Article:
When we fast, the cells in the body initiate a cellular “waste removal” process called autophagy. This involves the cells breaking down and metabolizing broken and dysfunctional proteins that build up inside cells over time. Increased autophagy may provide protection against several diseases, including cancer and Alzheimer’s disease. Fasting has been shown to have several beneficial effects on metabolism that may lead to reduced risk of cancer. Although human studies are needed, promising evidence from animal studies indicates that intermittent fasting may help prevent cancer. There is also some evidence on human cancer patients, showing that fasting reduced various side effects of chemotherapy.619-05757741t.jpg Dieting

What is good for the body is often good for the brain as well. Intermittent fasting improves various metabolic features known to be important for brain health. This includes reduced oxidative stress, reduced inflammation and a reduction in blood sugar levels and insulin resistance. Several studies in rats have shown that intermittent fasting may increase the growth of new nerve cells, which should have benefits for brain function. Animal studies have also shown that intermittent fasting protects against brain damage due to strokes.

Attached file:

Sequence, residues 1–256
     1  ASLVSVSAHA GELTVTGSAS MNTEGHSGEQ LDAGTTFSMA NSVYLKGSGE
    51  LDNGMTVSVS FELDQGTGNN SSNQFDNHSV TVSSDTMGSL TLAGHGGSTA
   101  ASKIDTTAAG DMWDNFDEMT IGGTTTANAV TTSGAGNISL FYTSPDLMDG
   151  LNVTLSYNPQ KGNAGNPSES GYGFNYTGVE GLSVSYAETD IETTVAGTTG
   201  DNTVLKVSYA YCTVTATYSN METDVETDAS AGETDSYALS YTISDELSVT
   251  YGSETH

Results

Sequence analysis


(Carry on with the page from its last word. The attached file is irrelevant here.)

Alzheimer’s disease is the world’s most common neurodegenerative diseases and since there is no known medical cure available preventing it from showing up in the first place is critical. A study in rats shows that intermittent fasting may delay the onset of Alzheimer’s disease or reduce its severity. In a series of case reports, a lifestyle intervention that included daily short-term fasts was able to significantly improve Alzheimer’s symptoms in 9 out of 10 patients. Animal studies also suggest that fasting may protect against other neurodegenerative diseases, including Parkinson’s and Huntington’s disease.

One of the most exciting applications of intermittent fasting may be its ability to extend lifespan. Studies in rats have shown that intermittent fasting extends lifespan in a similar way as continuous calorie restriction. In some of these studies, the effects were quite dramatic. In one of them, rats that fasted every other day lived 83% longer than rats who weren’t fasted. Given the known benefits for metabolism and all sorts of health markers, it makes sense that intermittent fasting could help you live a longer and healthier life.